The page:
In 2009, Porchez Typofonderie was asked by Canadian Business to improve their current masthead which was to be used for their upcoming redesign. They discussed the possibilities with Jason Logan, in charge of the cover redesign, about the future design. The first step was to correct all problems with the current typeface used to set the new nameplate: Onyx.
Onyx in Encyclopedia of Typefaces, by Jasper, Berry and Johnson.
Onyx is one of a few extra condensed Didot (sort of) on the market. But some of the letters do not work at all with others. Such as the A with its lower bar; the narrow D; the wide and open C to give a few examples. The round counters are also very straight. The diagonal of S is so crude that it creates an overtly strong dynamic from top left to bottom right. All theses details do not fit very well with the rest of the typeface. The overall feeling is that this typeface looks to be designed by engineers and not by designers. At least, we know that nobody will design fonts such as this today!
Set in Onyx.
The first objective was to find some design connections between the various letters. Not an easy task as it is very condensed and there is a high contrast which didn’t help in regards to good spacing. The basic serifs are roundish on their terminals; the C and S features another style of serifs compared to letters like the E. Finally the A, N, and U have another kind of serif on the thinner stems.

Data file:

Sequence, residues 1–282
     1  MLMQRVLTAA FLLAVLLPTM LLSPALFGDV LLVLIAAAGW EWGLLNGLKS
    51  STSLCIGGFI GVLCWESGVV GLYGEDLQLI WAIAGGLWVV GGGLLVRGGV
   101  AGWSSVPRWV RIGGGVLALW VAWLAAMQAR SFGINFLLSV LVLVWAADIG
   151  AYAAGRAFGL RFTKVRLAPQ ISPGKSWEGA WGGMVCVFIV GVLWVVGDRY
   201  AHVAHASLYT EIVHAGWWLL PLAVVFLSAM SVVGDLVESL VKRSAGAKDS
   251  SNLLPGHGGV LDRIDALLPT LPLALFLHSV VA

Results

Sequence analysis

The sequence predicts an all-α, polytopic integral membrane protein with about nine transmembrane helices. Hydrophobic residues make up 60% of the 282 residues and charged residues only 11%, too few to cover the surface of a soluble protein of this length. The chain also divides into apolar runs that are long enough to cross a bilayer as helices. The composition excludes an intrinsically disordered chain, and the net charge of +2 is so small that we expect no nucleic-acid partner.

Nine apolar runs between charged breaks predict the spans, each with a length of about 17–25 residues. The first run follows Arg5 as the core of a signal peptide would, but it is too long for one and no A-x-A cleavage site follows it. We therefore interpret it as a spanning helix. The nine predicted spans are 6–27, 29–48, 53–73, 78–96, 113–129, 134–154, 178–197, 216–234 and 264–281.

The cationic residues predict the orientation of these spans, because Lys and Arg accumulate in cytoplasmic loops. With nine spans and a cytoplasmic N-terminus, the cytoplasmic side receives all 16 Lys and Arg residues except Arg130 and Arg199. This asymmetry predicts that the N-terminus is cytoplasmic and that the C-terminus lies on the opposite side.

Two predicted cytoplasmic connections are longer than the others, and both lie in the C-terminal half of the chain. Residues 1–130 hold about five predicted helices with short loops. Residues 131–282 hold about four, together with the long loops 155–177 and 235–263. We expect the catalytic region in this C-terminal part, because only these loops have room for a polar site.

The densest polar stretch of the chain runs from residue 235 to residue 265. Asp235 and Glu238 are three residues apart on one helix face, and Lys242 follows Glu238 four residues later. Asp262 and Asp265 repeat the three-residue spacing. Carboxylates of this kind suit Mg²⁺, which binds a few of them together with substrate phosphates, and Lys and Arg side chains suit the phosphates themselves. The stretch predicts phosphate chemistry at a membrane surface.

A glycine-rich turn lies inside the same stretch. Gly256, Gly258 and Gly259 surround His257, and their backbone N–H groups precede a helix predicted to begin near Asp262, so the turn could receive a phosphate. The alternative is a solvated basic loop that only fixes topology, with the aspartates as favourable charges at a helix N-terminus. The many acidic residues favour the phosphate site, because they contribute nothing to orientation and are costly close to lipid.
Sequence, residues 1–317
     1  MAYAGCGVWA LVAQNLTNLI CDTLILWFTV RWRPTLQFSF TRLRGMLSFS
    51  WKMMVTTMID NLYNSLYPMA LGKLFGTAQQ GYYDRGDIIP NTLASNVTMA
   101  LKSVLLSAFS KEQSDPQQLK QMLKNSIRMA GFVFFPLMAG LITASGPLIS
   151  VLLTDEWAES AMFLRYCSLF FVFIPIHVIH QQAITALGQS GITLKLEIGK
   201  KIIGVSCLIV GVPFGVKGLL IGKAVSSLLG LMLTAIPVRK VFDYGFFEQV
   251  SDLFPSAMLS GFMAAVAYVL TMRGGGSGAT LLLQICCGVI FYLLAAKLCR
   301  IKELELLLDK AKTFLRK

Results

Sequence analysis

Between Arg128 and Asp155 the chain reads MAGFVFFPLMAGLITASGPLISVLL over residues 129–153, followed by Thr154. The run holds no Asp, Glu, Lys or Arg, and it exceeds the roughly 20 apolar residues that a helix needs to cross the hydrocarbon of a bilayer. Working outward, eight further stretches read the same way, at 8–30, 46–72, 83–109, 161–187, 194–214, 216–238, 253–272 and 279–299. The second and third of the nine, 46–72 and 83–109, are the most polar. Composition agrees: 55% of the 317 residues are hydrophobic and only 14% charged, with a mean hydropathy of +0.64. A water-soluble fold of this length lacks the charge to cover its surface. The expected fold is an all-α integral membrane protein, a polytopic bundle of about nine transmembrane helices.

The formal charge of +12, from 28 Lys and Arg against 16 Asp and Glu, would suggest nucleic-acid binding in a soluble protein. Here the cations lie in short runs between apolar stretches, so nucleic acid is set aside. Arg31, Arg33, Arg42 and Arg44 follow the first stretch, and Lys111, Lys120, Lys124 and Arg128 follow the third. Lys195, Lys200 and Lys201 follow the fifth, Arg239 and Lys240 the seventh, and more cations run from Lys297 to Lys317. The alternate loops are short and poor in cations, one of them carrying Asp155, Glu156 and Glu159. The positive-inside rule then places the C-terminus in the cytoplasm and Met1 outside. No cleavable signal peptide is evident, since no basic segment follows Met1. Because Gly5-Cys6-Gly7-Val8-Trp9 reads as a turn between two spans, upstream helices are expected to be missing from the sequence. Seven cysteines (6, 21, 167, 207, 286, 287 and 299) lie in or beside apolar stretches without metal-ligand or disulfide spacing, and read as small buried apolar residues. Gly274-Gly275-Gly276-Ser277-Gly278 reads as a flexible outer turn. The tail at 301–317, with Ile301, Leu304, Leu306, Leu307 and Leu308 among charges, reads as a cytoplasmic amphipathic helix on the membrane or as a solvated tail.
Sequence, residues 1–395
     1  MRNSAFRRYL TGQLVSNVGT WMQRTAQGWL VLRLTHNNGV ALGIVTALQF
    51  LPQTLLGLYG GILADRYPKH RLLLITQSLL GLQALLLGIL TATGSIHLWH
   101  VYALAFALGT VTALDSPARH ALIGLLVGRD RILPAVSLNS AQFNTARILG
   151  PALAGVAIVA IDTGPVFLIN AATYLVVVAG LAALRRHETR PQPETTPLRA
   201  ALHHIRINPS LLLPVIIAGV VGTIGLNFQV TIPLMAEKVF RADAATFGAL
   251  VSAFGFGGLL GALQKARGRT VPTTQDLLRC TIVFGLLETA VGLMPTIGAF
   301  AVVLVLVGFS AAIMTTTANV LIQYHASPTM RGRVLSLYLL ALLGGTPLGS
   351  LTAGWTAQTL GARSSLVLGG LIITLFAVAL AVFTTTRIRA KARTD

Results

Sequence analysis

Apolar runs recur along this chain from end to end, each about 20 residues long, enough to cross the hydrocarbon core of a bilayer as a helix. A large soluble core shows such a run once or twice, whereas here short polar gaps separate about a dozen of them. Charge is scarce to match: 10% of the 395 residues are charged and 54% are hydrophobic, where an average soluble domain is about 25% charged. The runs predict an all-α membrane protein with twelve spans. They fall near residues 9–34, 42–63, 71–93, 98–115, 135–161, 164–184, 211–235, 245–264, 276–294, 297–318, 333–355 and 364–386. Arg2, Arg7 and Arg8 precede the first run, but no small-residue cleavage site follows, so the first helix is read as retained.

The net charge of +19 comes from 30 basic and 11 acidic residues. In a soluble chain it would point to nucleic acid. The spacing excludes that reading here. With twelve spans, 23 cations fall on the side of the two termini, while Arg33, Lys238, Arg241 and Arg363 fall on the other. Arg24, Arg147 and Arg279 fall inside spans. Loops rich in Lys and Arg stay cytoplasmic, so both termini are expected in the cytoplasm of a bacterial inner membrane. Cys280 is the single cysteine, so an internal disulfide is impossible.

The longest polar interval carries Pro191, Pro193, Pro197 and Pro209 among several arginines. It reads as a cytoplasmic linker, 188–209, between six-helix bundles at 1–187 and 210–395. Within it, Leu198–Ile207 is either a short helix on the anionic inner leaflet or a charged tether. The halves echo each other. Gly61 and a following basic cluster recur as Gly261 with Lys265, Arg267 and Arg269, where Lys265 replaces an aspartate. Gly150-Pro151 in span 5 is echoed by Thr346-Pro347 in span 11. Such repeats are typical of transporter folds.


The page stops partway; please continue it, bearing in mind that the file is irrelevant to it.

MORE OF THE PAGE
One of the first version: adding weight to thinnest stems.
One of the first ideas, quickly rejected, was to add weight to thinnest stems, such as on the A, N and U. Mostly because theses letters are the main difficulty of the Canadian Business lettering. The result was a bit too old-fashioned and calligraphic in some ways.
Triangular and sharp serifs.
Soon enough, Jean François Porchez came upon the idea of designing angular sharp serifs. This proved to be a good idea and began to help with many of the necessary changes. Then, a careful width adjustment of all letters improved the general effect.
At the time, Jean François was unwittingly influenced by the French typefaces from the 1950s such as Meridien and Vendôme. As you can see in this image, just scanned for the article, and yet never referenced during the project.
Vendôme Étroit from Fonderie Olive general specimen. See larger size on Flickr.
Two comparisons of few letters: Onyx in gray, the final piece of lettering created by Jean François Porchez in black.
A rounded version.
Jason Logan wasn’t sure about the sharp serifs, and Jean François tried a more rounded version. But they arrived at the same conclusion that it wasn’t the right option because the result lost so much needed energy and the brand became too traditional and basic.
Only a few hours after the last round of proposals Jason responded via email, 9.5 is our chosen direction. I love it. You have given the letters teeth without compromising the formal grace that we started with. It feels both crisply modern and historically grounded. Everyone here is excited about it. I feel that it is just a matter of the fine details now.
The next step was to adjust some letters, such as the S, which were not yet well balanced; and to make few decisions about the serif placement on the top of A and bottom right of the N in order to regularize the two words. With all of these details corrected and adjusted, the final minor thing to do was to balance each serif in order to maximize the overall spacing. So, on the final version, some serifs are short and others long to create optical balance for each letter within their respective words.
Interviewed by Marketing Magazine following the relaunch, Jason Logan described the new masterhead as: as being like a “well-tailored suit.” It aspires to have a more “slick European” flavour, as opposed to a “blunt” American tone.
A few covers, after the redesign. Check a comparison before-after via Issuu.
By Alexis Zephir. All rights reserved. Many thanks for the editing of the English version to Tiffany Wardle.